BELGRADE, Serbia

Bosnia and Herzegovina on Thursday bid farewell to nine newly identified victims of the 1995 Srebrenica genocide.

The remains of the genocide victims were placed on minivans laden with flowers in the Bosnian city of Visoko on Thursday morning for their final journey to rest in a cemetery.

The victims will be buried in the village of Potocari, northwest of Srebrenica, on Thursday to mark the genocide’s 25th anniversary.

A truck carrying the victims’ remains arrived at the Presidential Council Building in the capital Sarajevo. Bosnian officials and members of the public prayed for the victims and placed flowers on the truck.

Sefik Dzaferovic, the Bosniak member of the Presidency of Bosnia, again stressed that legislation outlawing genocide denial is needed in Bosnia and Herzegovina, and the international community should press on this point.

Dzaferovic said that some politicians in Bosnia and other countries of the region still do not respect the victims,

“They glorify war criminals, those who committed this genocide. They should end this now,” said Dzaferovic.

As the truck passed through the streets of the capital Sarajevo, thousands of people, including women and children, could be seen crying. Many showered the truck with flowers and raised their hands in prayer.

Salko İbisevic, only 23 when he was killed, will be the youngest victim to be buried this year. Hasan Pezic, the oldest, was 70, and will be laid to rest in this year’s ceremony.

Every year on July 11, newly identified victims of the genocide – which claimed the lives of over 8,000 people – are buried in a memorial cemetery in Potocari, eastern Bosnia. Thousands of visitors from various countries attend funeral services and burials.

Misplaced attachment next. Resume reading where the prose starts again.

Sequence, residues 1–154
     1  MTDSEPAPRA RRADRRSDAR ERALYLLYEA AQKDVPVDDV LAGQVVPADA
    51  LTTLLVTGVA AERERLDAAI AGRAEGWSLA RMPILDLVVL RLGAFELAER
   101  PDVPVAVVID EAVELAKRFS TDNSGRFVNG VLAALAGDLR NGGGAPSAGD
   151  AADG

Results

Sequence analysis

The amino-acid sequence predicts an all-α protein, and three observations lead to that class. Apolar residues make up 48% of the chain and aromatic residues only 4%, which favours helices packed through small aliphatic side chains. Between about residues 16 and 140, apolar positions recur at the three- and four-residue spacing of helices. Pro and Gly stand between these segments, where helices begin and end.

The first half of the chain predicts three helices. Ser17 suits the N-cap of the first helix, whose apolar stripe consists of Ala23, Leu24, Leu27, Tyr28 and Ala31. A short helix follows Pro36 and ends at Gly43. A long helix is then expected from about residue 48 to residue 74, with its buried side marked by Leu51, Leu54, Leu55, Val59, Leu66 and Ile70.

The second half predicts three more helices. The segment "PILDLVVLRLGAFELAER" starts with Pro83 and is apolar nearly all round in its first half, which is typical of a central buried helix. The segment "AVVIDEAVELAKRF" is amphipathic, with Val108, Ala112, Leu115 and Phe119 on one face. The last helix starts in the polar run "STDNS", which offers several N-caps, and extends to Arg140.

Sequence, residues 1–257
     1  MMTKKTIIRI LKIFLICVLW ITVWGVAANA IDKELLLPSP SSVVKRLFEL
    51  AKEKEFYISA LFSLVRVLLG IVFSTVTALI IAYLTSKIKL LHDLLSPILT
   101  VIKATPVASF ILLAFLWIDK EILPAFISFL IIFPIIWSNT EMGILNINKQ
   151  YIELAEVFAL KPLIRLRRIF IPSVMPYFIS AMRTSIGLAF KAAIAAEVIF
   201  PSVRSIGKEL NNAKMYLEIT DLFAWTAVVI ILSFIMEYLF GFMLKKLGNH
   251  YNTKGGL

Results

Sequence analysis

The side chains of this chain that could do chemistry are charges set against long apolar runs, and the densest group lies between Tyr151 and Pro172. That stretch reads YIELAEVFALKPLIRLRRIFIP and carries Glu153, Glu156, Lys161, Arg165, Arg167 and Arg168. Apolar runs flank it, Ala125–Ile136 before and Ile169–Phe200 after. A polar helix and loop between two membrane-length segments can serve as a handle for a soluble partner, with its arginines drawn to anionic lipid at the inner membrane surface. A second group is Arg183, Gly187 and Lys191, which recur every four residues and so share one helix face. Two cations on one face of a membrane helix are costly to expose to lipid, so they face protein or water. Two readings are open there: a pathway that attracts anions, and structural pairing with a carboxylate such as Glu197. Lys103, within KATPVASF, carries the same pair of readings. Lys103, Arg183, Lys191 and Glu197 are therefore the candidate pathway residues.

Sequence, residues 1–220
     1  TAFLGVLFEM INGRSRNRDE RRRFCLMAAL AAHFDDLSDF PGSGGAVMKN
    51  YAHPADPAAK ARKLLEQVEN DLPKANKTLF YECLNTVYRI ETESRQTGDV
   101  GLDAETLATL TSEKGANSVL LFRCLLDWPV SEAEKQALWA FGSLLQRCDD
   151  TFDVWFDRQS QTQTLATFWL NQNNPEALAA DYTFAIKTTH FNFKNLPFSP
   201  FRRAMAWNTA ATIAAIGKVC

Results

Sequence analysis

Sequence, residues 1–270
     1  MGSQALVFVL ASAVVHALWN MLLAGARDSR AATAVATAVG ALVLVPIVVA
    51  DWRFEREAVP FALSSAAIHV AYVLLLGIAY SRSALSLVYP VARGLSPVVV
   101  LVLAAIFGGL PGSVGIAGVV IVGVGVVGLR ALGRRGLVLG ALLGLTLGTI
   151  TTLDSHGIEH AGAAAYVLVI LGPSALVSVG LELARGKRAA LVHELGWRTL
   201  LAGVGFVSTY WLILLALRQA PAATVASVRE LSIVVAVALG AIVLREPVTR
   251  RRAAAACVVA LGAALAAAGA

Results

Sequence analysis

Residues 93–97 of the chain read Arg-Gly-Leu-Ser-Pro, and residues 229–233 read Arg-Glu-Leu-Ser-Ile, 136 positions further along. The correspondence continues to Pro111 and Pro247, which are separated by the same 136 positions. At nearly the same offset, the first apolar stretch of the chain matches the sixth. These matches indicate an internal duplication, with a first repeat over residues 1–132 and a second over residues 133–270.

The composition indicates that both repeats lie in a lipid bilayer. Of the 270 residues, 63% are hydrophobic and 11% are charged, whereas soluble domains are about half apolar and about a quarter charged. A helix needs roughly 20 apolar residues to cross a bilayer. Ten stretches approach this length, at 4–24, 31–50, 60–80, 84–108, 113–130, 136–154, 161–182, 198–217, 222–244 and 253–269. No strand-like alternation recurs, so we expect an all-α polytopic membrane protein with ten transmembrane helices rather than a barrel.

As of this year’s funeral, the number of burials in the cemetery will rise to 6,652.

More than 8,000 Bosnian Muslim men and boys were killed when Bosnian Serb forces attacked the UN “safe area” of Srebrenica in July 1995, despite the presence of Dutch troops tasked with acting as international peacekeepers.

Srebrenica was besieged by Serb forces who were trying to wrest territory from Bosnian Muslims and Croats to form their own state.

The UN Security Council had declared Srebrenica a “safe area” in the spring of 1993. However, Serb troops led by Gen. Ratko Mladic – later found guilty of war crimes, crimes against humanity, and genocide – overran the UN zone.

The Dutch troops failed to act as Serb forces occupied the area, killing about 2,000 men and boys on July 11 alone. Some 15,000 Srebrenica people fled into the surrounding mountains, but Serb troops hunted down and killed 6,000 of them in the forests.

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